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Spurs Play Breathtaking Football That Arsenal Would Be Proud Of

Tottenham Hotspur v Inter Milan, Champions League Group A 2/11/2010 Peter Crouch scores the second goal 2-0 Photo Marc Atkins Fotosports International Photo via Newscom

Some nights of football defy you not to enjoy them. Even the most mean-spirited Arsenal fan must surely have felt at least a small stirring of joy in their souls at Spurs performance against Inter Milan. If Spurs can keep this kind of performance up and it is a big if, there will be two teams on North London capable of playing sublime if quite different kinds of football.

Arsenal’s cerebral game of intricacy and vision is often best appreciated by the impartial fan with the mind rather than the heart. For the neutral it is easy to admire but sometimes less easy to love. In contrast, Spurs’ cavalier blitzkreig game sets the pulse racing with its pace and openness and against Inter, it was utterly captivating from start to finish. In many ways, this is the kind of football that makes us fall in the love with the game. While there are many ways to play and win games, this mixture of free-running and open expansive play is the epitome of good-time football.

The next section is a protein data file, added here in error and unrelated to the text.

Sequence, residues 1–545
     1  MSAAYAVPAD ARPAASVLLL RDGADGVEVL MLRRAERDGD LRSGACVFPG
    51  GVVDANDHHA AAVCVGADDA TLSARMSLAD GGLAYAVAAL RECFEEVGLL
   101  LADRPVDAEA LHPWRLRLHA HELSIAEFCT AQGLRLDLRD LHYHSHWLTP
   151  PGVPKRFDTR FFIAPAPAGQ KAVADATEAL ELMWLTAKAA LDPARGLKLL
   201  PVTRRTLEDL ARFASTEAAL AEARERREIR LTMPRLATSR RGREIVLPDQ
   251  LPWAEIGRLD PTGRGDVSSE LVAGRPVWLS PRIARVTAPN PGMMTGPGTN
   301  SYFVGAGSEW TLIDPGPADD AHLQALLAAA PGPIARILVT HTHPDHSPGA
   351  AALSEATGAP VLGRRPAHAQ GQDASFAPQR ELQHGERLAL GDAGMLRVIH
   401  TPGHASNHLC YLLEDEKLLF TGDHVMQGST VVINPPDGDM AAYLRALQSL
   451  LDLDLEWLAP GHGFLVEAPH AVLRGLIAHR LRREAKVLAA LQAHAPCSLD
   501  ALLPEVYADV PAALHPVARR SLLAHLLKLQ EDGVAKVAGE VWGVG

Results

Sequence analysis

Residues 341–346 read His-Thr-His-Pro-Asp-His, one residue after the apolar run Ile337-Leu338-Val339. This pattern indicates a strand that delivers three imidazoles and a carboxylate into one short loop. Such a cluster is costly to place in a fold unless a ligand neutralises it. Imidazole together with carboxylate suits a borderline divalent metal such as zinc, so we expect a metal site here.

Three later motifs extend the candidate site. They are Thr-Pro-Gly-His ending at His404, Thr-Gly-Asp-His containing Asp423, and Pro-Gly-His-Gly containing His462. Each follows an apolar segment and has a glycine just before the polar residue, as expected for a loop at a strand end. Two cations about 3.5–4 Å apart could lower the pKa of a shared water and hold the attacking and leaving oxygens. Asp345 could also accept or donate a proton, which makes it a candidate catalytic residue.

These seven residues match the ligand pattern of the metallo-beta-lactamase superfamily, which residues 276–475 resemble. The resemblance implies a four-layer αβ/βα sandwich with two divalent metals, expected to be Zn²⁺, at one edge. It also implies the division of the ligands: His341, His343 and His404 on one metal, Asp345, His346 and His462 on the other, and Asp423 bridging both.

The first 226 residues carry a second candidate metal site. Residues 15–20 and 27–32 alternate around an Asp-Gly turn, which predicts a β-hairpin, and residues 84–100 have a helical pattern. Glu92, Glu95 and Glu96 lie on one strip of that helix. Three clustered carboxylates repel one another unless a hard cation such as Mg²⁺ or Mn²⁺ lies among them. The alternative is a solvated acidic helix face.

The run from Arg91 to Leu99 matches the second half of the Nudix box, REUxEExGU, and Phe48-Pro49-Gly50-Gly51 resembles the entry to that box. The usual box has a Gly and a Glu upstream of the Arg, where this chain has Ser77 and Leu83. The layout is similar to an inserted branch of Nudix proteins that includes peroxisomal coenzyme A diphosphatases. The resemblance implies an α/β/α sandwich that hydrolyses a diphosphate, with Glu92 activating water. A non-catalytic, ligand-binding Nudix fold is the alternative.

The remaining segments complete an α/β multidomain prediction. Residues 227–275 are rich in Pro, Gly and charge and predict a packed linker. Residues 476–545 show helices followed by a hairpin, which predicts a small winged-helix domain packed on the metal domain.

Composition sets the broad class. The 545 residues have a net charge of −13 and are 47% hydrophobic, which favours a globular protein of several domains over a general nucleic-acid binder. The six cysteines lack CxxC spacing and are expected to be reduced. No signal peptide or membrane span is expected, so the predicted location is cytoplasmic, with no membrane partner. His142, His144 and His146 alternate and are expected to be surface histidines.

It is easy to over-react to a couple of good performances but wiser heads than I who have seen more than my 49 years of football are, like me, wondering if we have ever seen a marauding performance the like of Bale’s against Milan. It was that good, that breath-taking; his slow-and-then-go change of pace utterly destructive even in tight corners; his wild, stallion-like length-of-the-pitch sprinting even with two minutes left on the clock couldn’t fail to thrill even the most hardened cynic.

It seems unlikely that Spurs could win the Champions League or even go close because their defence, especially Hutton on the right, seems too porous. However, this is one more reason why they should use attack as the best form of defence. Inter are no mugs. And even into the last ten minutes after they scored who amongst us was sure they wouldn’t get an equalizer? It’s a dangerous game Spurs play, but unlike much Champions League football in the group stages, it’s worth paying good money to see.